Appalachia’s latest coal bankruptcy looks different than others — mines shut down immediately and paychecks were clawed back from employees’ bank accounts. We take a look at what the Blackjewel and Revelation Energy bankruptcy could mean for mine land reclamation.
Virginia businessman Tom Clarke’s foray into the coal industry initially looked promising for addressing environmental and community problems. Now, however, his business model is looking questionable.
The Alliance for Appalachia, a coalition of 15 organizations, today released a report on the state of surface coal mine bonding in four Central Appalachian states. Bonds are used to ensure reclamation of mine sites should a company be unable…
Both Arch Coal and Alpha Natural Resources are undergoing bankruptcy. Alpha was allowed to issue nearly $12 million in executive bonuses, even while it tries to avoid paying some retirees’ life insurance and health benefits.
Witnessing the one-sidedness of coal bankruptcies in Appalachia and their aftershocks goes to show who has a voice and whose voices the system values. Take Alpha Natural Resources, which recently received approval to pay its executives millions in bonuses despite not having made a profit since 2011.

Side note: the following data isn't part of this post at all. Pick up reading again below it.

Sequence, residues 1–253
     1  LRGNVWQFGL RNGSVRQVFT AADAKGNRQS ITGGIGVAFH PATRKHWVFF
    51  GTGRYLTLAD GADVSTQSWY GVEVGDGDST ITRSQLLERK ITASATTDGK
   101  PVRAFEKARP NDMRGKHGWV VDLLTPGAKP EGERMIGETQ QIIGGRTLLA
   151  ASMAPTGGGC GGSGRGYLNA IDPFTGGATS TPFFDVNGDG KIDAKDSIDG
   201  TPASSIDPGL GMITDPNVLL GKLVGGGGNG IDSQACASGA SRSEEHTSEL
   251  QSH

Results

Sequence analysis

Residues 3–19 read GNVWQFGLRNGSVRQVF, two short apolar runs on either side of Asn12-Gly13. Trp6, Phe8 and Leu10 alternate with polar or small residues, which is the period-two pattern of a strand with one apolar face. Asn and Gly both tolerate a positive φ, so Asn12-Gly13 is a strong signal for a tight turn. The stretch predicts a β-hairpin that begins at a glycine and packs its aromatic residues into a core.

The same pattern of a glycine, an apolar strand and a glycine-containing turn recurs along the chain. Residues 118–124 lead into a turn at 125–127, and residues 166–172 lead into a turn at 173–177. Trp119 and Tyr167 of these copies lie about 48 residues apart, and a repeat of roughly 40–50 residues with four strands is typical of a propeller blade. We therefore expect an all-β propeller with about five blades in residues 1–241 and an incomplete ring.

West Virginia communities, including Naoma and Sundial are still dealing with problems related to mountaintop removal coal mining. Toxic coal slurry impoundments, increased blasting and diminished water quality are among the challenges facing such communities at risk.
News briefs from across the energy sector.
Major coal companies are filing for bankruptcy, causing concerns that they may not clean up contaminated lands or meet their obligations to workers.
In Bankruptcy, Patriot Coal Creates its Legacy By Brian Sewell Concerns over how Patriot Coal will meet its commitments to generations of retirees have rippled throughout Appalachia. When the St. Louis-based spin-off of Peabody Coal filed for bankruptcy in July,…